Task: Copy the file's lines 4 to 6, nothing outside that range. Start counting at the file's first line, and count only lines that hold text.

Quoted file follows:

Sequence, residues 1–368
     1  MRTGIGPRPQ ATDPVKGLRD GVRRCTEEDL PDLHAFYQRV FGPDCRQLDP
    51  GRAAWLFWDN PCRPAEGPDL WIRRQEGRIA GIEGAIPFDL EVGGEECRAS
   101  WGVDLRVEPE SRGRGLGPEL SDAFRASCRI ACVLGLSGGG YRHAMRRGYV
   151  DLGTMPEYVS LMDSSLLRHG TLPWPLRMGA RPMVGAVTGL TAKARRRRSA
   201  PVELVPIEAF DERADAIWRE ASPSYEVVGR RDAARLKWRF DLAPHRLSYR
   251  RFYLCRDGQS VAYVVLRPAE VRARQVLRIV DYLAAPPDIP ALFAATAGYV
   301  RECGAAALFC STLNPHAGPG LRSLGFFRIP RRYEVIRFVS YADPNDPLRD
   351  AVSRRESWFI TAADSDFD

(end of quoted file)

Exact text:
   101  WGVDLRVEPE SRGRGLGPEL SDAFRASCRI ACVLGLSGGG YRHAMRRGYV
   151  DLGTMPEYVS LMDSSLLRHG TLPWPLRMGA RPMVGAVTGL TAKARRRRSA
   201  PVELVPIEAF DERADAIWRE ASPSYEVVGR RDAARLKWRF DLAPHRLSYR